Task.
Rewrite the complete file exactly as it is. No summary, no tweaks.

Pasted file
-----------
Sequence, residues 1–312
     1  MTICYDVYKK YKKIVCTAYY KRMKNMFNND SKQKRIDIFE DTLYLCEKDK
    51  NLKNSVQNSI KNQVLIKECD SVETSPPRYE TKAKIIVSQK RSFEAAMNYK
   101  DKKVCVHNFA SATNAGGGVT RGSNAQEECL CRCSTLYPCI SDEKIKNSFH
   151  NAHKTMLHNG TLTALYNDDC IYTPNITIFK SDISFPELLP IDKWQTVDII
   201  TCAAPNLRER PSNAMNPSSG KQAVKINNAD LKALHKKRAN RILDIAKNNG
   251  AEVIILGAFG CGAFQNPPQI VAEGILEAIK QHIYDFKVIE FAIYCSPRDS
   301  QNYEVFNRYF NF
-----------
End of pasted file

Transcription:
Sequence, residues 1–312
     1  MTICYDVYKK YKKIVCTAYY KRMKNMFNND SKQKRIDIFE DTLYLCEKDK
    51  NLKNSVQNSI KNQVLIKECD SVETSPPRYE TKAKIIVSQK RSFEAAMNYK
   101  DKKVCVHNFA SATNAGGGVT RGSNAQEECL CRCSTLYPCI SDEKIKNSFH
   151  NAHKTMLHNG TLTALYNDDC IYTPNITIFK SDISFPELLP IDKWQTVDII
   201  TCAAPNLRER PSNAMNPSSG KQAVKINNAD LKALHKKRAN RILDIAKNNG
   251  AEVIILGAFG CGAFQNPPQI VAEGILEAIK QHIYDFKVIE FAIYCSPRDS
   301  QNYEVFNRYF NF